I Was Anastasia

March 20, 2018


I Was Anastasia
By: Ariel Lawhon
Release Date: March 20, 2018

Russia, July 17, 1918: Under direct orders from Vladimir Lenin, Bolshevik secret police force Anastasia Romanov, along with the entire imperial family, into a damp basement in Siberia where they face a merciless firing squad. None survive. At least that is what the executioners have always claimed. 

Germany, February 17, 1920
: A young woman bearing an uncanny resemblance to Anastasia Romanov is pulled shivering and senseless from a canal. Refusing to explain her presence in the freezing water, she is taken to the hospital where an examination reveals that her body is riddled with countless, horrific scars. When she finally does speak, this frightened, mysterious woman claims to be the Russian Grand Duchess Anastasia. 
     Her detractors, convinced that the young woman is only after the immense Romanov fortune, insist on calling her by a different name: Anna Anderson. 
     As rumors begin to circulate through European society that the youngest Romanov daughter has survived the massacre, old enemies and new threats are awakened. With a brilliantly crafted dual narrative structure, Lawhon wades into the most psychologically complex and emotionally compelling territory: the nature of identity itself.
     The question of who Anna Anderson is and what actually happened to Anastasia Romanov creates a saga that spans fifty years and touches three continents. This thrilling story is every bit as moving and momentous as it is harrowing and twisted.

I've been drawn to the whole Tzar Nicholas II massacre for almost 20 years. I came into this book with a fairly strong basis of the whole Anastasia/Anna Anderson debate. I knew the facts. I knew the timelines. I knew a lot of the details behind everything. While I didn't read this book with a blank slate for the author to fill, I still was putty in the author's hands. It didn't take me long to be swept up in the dueling stories. Just as I knew so much. I also learned so much.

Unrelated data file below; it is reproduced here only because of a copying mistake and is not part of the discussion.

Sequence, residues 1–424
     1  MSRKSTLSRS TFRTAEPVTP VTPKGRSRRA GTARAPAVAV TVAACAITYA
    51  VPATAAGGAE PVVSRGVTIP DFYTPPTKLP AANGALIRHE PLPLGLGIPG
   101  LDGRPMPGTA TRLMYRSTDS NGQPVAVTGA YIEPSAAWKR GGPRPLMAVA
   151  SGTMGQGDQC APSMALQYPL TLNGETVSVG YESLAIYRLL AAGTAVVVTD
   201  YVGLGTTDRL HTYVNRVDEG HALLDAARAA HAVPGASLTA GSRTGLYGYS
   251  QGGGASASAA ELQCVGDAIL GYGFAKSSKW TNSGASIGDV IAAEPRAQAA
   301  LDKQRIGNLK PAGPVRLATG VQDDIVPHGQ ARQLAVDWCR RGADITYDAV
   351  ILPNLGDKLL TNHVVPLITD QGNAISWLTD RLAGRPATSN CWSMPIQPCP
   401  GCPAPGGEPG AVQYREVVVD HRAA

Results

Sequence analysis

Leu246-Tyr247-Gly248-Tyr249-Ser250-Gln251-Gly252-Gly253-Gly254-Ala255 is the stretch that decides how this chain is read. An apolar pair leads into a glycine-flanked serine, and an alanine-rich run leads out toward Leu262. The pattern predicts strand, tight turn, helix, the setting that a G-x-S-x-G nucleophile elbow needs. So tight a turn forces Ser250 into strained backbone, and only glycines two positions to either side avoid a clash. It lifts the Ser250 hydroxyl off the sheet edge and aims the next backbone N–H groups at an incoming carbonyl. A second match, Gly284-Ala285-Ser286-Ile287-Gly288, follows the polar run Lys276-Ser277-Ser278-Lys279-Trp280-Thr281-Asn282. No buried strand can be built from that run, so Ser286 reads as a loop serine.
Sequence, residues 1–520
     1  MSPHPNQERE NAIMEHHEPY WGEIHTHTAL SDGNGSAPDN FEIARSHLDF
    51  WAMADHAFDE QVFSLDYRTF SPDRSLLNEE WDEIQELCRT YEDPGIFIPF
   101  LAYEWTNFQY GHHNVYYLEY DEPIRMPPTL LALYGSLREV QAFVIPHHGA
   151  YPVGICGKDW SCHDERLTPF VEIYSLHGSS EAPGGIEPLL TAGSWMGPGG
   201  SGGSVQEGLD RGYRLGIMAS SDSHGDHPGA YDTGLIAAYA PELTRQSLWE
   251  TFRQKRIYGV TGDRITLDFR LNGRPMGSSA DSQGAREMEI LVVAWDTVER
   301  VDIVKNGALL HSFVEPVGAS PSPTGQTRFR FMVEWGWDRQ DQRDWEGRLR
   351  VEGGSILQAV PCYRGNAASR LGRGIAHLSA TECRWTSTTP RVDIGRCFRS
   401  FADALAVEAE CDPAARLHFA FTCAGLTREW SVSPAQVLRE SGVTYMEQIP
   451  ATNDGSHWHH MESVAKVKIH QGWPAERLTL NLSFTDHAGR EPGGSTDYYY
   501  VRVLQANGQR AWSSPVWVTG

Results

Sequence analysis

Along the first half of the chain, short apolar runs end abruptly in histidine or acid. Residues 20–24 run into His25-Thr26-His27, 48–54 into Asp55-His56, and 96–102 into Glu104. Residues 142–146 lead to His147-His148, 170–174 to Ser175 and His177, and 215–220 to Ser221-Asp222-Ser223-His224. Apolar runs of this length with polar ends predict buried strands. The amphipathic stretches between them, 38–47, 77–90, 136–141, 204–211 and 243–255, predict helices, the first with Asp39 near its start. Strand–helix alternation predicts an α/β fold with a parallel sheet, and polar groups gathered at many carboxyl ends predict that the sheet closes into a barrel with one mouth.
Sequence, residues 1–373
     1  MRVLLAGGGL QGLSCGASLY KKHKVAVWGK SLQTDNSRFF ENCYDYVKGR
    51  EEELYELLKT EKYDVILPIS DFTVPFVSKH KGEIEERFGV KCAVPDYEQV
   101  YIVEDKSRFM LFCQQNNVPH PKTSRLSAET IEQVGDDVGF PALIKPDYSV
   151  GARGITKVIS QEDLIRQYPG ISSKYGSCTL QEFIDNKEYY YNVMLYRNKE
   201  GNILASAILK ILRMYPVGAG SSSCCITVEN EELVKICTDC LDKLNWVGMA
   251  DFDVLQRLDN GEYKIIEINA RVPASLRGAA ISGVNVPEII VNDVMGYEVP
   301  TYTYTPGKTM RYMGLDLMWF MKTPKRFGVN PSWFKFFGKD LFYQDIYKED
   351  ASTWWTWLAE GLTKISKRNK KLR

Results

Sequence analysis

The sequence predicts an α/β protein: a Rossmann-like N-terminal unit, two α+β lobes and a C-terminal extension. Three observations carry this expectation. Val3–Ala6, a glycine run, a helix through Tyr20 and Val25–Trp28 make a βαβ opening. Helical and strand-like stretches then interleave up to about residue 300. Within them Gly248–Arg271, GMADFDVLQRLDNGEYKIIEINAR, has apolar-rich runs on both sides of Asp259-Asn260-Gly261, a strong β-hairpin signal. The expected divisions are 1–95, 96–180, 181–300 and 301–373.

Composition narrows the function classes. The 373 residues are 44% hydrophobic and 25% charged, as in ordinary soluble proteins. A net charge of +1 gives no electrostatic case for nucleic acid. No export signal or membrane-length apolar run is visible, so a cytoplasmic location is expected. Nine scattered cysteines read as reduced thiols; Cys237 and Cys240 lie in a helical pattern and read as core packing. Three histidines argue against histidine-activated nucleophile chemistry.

Ariel Lawhon had the difficult job of telling a complex story that was once a well known debate. A debate that, for some, still lives on. She handled this task with great respect and creativity. She made a real life story from many, many years ago feel relevant and current. She doesn't give much away as she tells the story from Anna's point of view. She writes her whole side of the story with a compassion and dignity that few ever thought to have. 

She rotates the reader between Anna's story and Anastasia's. Event by event, you relive the family's imprisonments, treatment, and ultimate deaths. I found myself, once again, hoping and praying what I knew would happen wouldn't. You become a fly on the wall for disgusting acts of hatred and violence. By the time the family meets their end, you are sick with anger and disgust. But you will also never forget Anastasia, or her family.

Readers will be sucked into these two lives and the events within them from the first page. You will ride every roller coaster along with the characters. I have no doubt this book is destined for the bestseller lists. You will be a tangled mess of emotions by the time you read the author's note. As Ariel Lawhon tells you what was fact verses fiction, that ball of emotion will only increase. Several things you desperately want to be fiction are not. I Was Anastasia is a book that will stay with you long after you have closed the book.






0 comments:

Post a Comment

 

Copyright © 2009 Grunge Girl Blogger Template Designed by Ipietoon Blogger Template
Girl Vector Copyrighted to Dapino Colada